In-dealer Customer Experience Improvement
All the small Big things
The challenges facing the auto sector today are numerous and complex. The responsibilities of promising and delivering a distinctive and compelling Customer Experience are split between the manufacturer, its regional offices/importers, and its dealers.
This paper is based on the firm belief that there is no “silver bullet” way of achieving perfect consistency, but that customer experience is made up on innumerable physical and emotional details that combine to have significant positive or negative impacts – small Big things, if you will.
The big issues
Almost every driver has a horror story about their experience with a car dealer and it’s easy for manufacturers and importers to just blame their distributors for failing to deliver on the shiny promises made in their marketing.
It is also apparent that all dealers are not ‘bad’, but there is a spectrum of competence, capability and delivery to be managed and optimised.
The key issues can therefore be summarised as follows:
- How can you ensure that your brand promise is delivered and your customers’ expectations are met by your dealer network?
- How can the in-dealer experience be consistent with your promises and customer expectations whilst retaining a local personality and not making the customer feel ‘processed’?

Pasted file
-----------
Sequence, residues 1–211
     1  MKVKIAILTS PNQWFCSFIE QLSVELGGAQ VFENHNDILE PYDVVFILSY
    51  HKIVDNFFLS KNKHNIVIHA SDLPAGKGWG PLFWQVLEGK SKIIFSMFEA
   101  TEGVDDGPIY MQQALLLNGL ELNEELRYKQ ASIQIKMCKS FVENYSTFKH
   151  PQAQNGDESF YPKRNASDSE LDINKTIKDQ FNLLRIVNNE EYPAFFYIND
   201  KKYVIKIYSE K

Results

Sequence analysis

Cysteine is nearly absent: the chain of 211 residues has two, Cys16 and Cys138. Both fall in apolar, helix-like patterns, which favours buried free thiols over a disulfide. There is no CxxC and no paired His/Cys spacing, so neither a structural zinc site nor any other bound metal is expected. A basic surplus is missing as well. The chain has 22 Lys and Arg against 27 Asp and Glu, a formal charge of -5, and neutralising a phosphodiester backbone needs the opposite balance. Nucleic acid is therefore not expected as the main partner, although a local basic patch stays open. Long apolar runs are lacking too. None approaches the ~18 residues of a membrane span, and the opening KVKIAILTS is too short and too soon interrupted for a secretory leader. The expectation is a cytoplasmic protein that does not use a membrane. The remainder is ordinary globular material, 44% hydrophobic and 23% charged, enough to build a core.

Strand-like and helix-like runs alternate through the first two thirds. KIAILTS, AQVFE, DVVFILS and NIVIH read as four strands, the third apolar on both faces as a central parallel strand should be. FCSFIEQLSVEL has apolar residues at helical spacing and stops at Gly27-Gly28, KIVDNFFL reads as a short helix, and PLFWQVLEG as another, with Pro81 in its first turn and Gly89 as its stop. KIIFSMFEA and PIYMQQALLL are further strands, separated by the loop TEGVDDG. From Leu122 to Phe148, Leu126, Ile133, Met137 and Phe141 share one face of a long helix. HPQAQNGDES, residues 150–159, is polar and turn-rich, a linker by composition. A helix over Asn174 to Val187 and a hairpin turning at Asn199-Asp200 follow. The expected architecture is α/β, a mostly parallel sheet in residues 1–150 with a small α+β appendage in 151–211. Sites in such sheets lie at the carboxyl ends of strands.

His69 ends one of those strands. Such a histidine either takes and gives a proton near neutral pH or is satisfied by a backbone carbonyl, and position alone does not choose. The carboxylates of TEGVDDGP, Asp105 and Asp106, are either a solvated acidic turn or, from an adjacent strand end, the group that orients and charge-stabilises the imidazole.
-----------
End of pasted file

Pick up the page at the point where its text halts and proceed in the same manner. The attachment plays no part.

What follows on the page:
Benefits of ‘raising the game’
Sales are made to two broad categories of customers – repeat buyers (of the same brand) or conquests (first-time buyers or brand switchers) – and the delivery of the customer experience is a key component in the conversion and ongoing relationship management of both types.
The ‘raising the game’ approach assesses dealer competence in key aspects of whole-lifecycle Retention and Acquisition customer experience management (CEM), and then identifies ‘quartile’ performance – what the top 25% are achieving, 2nd 25%, etc.
Rather than trying to get everyone to improve x%, this approach then puts in place actions to uplift the performance of the 4th quartile to that of the 3rd, who in turn are stimulated to achieve the levels of the 2nd, etc. The upper quartile is left alone to perform – and perhaps act as role model/coach. This approach generates real results, and is a realistic improvement proposition. It also allows franchise management resources to be focused where they’re needed.
How can this be achieved in real life?
WCL and our partners Springboard Commercial provide a team of experts to assess your dealers’ strengths and weaknesses in CEM (via our bespoke tool, called CxP), and then to work with your team to create a road map to swift and achievable improvement.
The approach is designed in discrete stages, with the ability to hand the roll-out across for the field force to adopt as part of business-as-usual dealer development. It can be fully resourced internally via a CxP license, or delivered with ongoing independent external assessment support.
For a pdf version of this paper please click here, or for more information and a presentation of this approach, please contact Peter Lavers.
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Peter Lavers, 15/10/2010